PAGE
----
Quantcast Holding During Adverse Wind Conditions

 

Click here to make tpub.com your Home Page

Page Title: Holding During Adverse Wind Conditions
Back | Up | Next

Click here for thousands of PDF manuals

Google


Web
www.tpub.com

Home

   
Information Categories
.... Administration
Advancement
Aerographer
Automotive
Aviation
Construction
Diving
Draftsman
Engineering
Electronics
Food and Cooking
Logistics
Math
Medical
Music
Nuclear Fundamentals
Photography
Religion
   
   

 



CHAPTER SIX
T-34C INSTRUMENTS
h.
Cleared out of holding.
i.
It is very important to listen to your approach clearance once established in
holding. If established in a published holding pattern and subsequently cleared
for the Holding Pattern Approach, you may commence the approach from
within the holding pattern and descend to the IAF altitude (Figure 6­38). If
established in a holding pattern and subsequently cleared for an approach other
than a Holding Pattern Approach, you must maintain last assigned altitude or
the published minimum holding altitude, whichever is lower, until established
on a segment of the approach (Figure 6­42).
ii.
Airspeed when departing holding is at pilot's discretion. Use good judgment
and determine if it is more appropriate to maintain slow cruise or transition to
normal cruise. This decision should be based on your intentions departing
holding (continue enroute or commence an approach) and the aircraft position
in relation to the instrument approach (if conducting an approach from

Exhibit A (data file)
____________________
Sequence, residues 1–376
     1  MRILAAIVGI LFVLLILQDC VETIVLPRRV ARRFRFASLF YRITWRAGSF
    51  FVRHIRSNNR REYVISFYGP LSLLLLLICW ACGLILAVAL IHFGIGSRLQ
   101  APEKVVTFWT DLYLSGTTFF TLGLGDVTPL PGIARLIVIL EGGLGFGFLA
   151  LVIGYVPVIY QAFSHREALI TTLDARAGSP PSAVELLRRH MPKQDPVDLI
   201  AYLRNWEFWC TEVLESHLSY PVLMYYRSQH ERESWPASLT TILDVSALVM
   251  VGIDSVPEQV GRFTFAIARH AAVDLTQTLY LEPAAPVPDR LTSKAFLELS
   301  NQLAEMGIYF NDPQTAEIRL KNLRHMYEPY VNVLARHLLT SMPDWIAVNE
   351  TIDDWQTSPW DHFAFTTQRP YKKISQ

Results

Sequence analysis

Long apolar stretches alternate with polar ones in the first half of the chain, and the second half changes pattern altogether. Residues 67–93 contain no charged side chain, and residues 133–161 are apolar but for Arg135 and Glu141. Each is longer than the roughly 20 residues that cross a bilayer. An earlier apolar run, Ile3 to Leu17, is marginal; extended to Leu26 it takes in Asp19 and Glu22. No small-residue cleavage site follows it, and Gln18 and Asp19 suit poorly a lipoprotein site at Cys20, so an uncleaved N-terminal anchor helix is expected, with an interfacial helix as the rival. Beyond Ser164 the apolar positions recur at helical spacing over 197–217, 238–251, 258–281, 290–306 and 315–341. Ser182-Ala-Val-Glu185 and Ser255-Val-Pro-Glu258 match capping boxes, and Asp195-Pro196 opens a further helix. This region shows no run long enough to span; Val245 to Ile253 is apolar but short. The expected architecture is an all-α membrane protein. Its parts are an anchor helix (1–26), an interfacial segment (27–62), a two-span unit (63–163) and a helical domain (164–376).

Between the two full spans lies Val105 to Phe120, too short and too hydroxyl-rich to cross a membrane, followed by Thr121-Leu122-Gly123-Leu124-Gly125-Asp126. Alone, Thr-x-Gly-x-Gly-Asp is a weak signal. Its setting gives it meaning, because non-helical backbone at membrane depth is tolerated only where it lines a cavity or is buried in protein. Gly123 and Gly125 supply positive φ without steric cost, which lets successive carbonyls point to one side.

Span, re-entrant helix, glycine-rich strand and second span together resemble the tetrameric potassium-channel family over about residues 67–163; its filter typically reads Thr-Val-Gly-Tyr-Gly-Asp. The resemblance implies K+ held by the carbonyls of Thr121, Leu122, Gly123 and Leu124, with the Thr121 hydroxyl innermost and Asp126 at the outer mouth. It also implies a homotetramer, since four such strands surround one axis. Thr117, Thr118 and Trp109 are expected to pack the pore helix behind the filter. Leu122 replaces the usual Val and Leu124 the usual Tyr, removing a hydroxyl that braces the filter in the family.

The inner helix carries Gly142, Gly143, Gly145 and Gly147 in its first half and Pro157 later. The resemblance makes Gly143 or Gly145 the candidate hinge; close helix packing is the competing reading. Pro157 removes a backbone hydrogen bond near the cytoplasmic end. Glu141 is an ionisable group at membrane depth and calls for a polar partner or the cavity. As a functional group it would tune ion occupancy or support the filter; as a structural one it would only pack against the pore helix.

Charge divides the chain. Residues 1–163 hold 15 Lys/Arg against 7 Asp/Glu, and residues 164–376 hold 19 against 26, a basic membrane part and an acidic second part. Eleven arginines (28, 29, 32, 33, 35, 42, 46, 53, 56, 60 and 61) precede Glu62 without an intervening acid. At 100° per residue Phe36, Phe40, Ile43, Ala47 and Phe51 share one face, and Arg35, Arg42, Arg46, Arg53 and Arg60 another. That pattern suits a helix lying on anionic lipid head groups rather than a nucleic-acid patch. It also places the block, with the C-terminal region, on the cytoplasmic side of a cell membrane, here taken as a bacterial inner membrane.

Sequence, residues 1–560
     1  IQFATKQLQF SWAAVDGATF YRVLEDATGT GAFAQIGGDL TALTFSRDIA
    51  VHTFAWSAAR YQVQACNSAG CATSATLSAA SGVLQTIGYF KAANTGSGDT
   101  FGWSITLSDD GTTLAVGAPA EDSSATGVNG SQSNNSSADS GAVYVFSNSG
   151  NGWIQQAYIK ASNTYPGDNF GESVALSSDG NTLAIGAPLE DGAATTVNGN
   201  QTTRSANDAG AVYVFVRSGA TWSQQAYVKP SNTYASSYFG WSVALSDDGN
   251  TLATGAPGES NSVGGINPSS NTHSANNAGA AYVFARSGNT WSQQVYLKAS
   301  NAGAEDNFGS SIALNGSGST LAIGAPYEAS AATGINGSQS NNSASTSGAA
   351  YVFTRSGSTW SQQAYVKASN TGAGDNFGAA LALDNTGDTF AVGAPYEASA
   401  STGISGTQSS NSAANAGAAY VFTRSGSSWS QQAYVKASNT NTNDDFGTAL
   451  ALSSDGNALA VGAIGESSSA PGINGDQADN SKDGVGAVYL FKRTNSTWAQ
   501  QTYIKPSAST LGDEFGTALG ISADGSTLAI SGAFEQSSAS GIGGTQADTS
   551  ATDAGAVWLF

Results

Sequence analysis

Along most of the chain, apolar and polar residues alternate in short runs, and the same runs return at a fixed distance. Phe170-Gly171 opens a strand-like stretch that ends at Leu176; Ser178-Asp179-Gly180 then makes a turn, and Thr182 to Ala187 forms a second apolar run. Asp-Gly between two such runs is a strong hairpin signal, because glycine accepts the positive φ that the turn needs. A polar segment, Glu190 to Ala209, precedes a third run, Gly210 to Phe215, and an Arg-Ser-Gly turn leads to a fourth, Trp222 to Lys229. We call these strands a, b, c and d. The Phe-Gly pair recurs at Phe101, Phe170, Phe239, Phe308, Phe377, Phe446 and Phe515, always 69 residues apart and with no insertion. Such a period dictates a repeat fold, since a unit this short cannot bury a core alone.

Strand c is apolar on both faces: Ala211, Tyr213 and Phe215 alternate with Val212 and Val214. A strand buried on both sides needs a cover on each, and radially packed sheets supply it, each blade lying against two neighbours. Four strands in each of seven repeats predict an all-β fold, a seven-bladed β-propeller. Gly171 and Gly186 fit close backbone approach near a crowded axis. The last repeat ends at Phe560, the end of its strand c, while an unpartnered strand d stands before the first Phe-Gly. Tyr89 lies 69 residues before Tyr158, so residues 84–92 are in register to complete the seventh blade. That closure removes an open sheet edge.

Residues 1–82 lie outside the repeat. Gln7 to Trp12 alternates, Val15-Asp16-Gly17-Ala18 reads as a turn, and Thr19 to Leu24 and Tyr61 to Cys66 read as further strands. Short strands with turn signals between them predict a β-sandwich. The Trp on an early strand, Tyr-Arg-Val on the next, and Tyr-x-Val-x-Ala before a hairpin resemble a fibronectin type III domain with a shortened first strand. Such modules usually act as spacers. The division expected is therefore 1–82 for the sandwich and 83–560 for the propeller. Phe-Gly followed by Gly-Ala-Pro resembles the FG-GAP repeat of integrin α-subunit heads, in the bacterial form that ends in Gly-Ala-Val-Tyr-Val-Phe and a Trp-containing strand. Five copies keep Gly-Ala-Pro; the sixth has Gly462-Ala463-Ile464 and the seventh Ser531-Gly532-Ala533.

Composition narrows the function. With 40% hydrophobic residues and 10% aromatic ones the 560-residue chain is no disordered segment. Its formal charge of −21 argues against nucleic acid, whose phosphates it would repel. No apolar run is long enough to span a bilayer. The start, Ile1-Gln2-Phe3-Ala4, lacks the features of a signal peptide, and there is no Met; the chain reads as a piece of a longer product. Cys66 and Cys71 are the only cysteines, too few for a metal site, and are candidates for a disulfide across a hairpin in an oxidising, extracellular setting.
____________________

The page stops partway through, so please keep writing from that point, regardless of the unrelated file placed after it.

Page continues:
holding).
6.
Common Errors
a.
Doing an over­the­station intercept to intercept the holding radial outbound.
Remember, the outbound leg in the holding pattern is a heading to fly.
b.
Twisting in the reciprocal vice the course.
c.
Starting the outbound leg timing when the wings roll level vice when the wings roll
level or abeam the station, whichever occurs last.
d.
Misinterpreting wind direction through disorientation, improper use of the Tail­
Radial­Wind method, or using a Head­Radial­Wind method.
e.
Attempting to correct for crosswind by shallowing or steepening the turn inbound.
This technique may work, but it leads to sloppy Basic Instrument airwork, and
should not be practiced.
f.
Not intercepting the holding course on each orbit. If the aircraft is not established on
the holding course at station passage, the wind corrections you have determined will
not be accurate.
g.
Using an insufficient intercept angle to acquire the inbound course.
h.
Not holding Standard­Rate Turn and constant airspeed (slow cruise) during all turns.
Impossible to correct for winds, if airwork is not consistent throughout the orbit.
616.
HOLDING DURING ADVERSE WIND CONDITIONS
It is not unusual for winds aloft to attain velocities in excess of 20 knots. In these circumstances,
6-42 RADIO INSTRUMENT FLIGHT PROCEDURES


Privacy Statement - Press Release - Copyright Information. - Contact Us

Integrated Publishing, Inc.
6230 Stone Rd, Unit Q Port Richey, FL 34668

Phone For Parts Inquiries: (727) 493-0744
Google +